Avril Goodwin, Stephen Halliday, Christina Hellmich, David Milne and R. C. Richardson...

A weekly look over the shoulders of our scholar-reviewers

October 31, 2013

Avril Goodwin, campus librarian at Dumfries, University of the West of Scotland, is reading Gillian Flynn’s Gone Girl (Phoenix, 2013). “A well-plotted, page-turning thriller with a dual narrative of husband and (missing) wife. As the story races along, it becomes clear that all is definitely not what it seems. Flynn cleverly creates an engaging yet unnerving story of a marriage that has lost its way, set in a very recognisable contemporary US, where reputation management is a key life skill.”

Insider Dealing, by Sarah Clarke

Stephen Halliday, panel tutor in history, Institute of Continuing Education, University of Cambridge, is reading Sarah Clarke’s Insider Dealing: Law and Practice (Oxford University Press, 2013). “This is a remarkably clear exposition of a dark corner of the City of London. Clarke’s book will be bought by lawyers, accountants and academics, but its avoidance of legal jargon taught this layman what insider dealing is, why its detection is important and what is being done about it.”

Political Self-Sacrifice, by K. M. Fierke

Christina Hellmich, reader in international relations and Middle East studies, University of Reading, is reading K. M. Fierke’s Political Self-Sacrifice: Agency, Body and Emotion in International Relations (Cambridge University Press, 2013). “Suicide bombers are not crazy, but rational actors. But are they? Fierke’s informed empirical analysis of political self-sacrifice demonstrates the inseparability of emotion and agency that not only challenges the well-established mantra of terrorism studies but also the way we think about the conduct of politics.”

The John McPhee Reader, by John McPhee

David Milne, senior lecturer in American political history, University of East Anglia, is reading The John McPhee Reader (Farrar, Straus and Giroux, 1976). “Princeton University-based scholar McPhee is one of the finest authors of literary non-fiction of the past half-century. This selection of essays, all originally published by The New Yorker, demonstrate his versatility, style and single-minded dedication to his craft. Reading McPhee is inspirational and instructive – I turn to him often – and this collection is testament to the artistic possibilities of non-fiction.”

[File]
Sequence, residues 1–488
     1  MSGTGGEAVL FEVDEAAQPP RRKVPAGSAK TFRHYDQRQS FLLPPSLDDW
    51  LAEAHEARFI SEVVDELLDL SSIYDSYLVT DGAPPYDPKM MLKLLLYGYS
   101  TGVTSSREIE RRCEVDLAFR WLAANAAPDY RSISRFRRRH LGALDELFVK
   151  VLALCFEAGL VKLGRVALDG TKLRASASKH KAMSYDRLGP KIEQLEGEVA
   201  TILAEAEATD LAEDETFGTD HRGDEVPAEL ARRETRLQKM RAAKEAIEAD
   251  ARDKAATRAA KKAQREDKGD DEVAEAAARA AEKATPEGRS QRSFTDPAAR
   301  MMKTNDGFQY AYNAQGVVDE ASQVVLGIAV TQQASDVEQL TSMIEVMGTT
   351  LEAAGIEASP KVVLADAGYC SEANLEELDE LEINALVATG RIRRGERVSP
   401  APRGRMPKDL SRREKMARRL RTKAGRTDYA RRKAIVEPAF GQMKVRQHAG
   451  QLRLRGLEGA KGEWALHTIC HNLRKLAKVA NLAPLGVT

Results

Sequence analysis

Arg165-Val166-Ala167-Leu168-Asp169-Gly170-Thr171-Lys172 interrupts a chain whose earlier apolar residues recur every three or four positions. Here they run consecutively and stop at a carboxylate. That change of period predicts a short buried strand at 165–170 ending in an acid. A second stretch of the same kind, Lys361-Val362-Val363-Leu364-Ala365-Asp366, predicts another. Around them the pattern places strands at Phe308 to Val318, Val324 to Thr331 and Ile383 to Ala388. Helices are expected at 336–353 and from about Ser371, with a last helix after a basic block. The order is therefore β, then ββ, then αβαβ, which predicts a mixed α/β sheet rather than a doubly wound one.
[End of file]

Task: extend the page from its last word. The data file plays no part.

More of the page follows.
Our Inheritance, by Stanley ­Baldwin

R. C. Richardson, emeritus professor of history, University of Winchester, is reading Stanley Baldwin’s Our Inheritance (Hodder & Stoughton, 1938). “Remembered today as the unfortunate prime minister in office at the time of both the General Strike and the abdication crisis, Baldwin’s patriotism, devotion to empire, naive belief in homespun common sense and distrust of theory shine through in these essays. Most of them were delivered as speeches in Britain and in Canada, but a few began life as broadcasts on radio, a new medium that he was the first prime minister to master and exploit.”

You've reached your article limit

Register to continue

Registration is free and only takes a moment. Once registered you can read a total of 6 articles each month, plus:

  • Sign up for the editor's highlights
  • Receive World University Rankings news first
  • Get job alerts, shortlist jobs and save job searches
  • Participate in reader discussions and post comments

Have your say

Log in or register to post comments

Featured Jobs

Most Commented

United Nations peace keeper

Understanding the unwritten rules of graduate study is vital if you want to get the most from your PhD supervision, say Kevin O'Gorman and Robert MacIntosh

David Parkins Christmas illustration (22 December 2016)

A Dickensian tale, set in today’s university

Eleanor Shakespeare illustration (5 January 2017)

Fixing problems in the academic job market by reducing the number of PhDs would homogenise the sector, argues Tom Cutterham

Houses of Parliament, Westminster, government

There really is no need for the Higher Education and Research Bill, says Anne Sheppard

poi, circus

Kate Riegle van West had to battle to bring her circus life and her academic life together